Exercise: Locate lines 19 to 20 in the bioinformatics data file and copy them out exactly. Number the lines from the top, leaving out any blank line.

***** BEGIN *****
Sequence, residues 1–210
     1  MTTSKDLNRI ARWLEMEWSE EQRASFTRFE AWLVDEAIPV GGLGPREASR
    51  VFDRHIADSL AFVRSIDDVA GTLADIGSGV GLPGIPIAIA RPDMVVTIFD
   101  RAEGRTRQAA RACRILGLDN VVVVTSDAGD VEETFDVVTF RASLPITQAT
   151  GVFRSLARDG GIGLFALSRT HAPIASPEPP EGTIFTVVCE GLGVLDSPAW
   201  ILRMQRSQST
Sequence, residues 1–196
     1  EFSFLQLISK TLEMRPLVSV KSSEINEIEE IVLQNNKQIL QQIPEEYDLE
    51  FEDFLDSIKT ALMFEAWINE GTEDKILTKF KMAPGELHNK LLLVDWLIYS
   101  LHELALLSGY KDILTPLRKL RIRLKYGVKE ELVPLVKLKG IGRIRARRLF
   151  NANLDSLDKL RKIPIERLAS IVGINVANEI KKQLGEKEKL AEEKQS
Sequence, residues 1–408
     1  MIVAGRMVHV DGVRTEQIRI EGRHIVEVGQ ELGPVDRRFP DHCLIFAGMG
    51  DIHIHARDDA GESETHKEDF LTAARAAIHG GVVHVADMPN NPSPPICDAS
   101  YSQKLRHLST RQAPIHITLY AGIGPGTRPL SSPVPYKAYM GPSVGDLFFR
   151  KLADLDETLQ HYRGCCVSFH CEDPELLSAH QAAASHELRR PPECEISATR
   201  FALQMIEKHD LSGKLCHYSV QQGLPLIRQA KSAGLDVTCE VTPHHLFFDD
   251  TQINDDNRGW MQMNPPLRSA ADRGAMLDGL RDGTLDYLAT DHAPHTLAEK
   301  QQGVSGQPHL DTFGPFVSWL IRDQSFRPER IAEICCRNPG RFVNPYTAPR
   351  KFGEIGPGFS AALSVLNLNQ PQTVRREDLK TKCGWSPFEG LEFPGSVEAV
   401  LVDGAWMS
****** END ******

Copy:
   301  QQGVSGQPHL DTFGPFVSWL IRDQSFRPER IAEICCRNPG RFVNPYTAPR
   351  KFGEIGPGFS AALSVLNLNQ PQTVRREDLK TKCGWSPFEG LEFPGSVEAV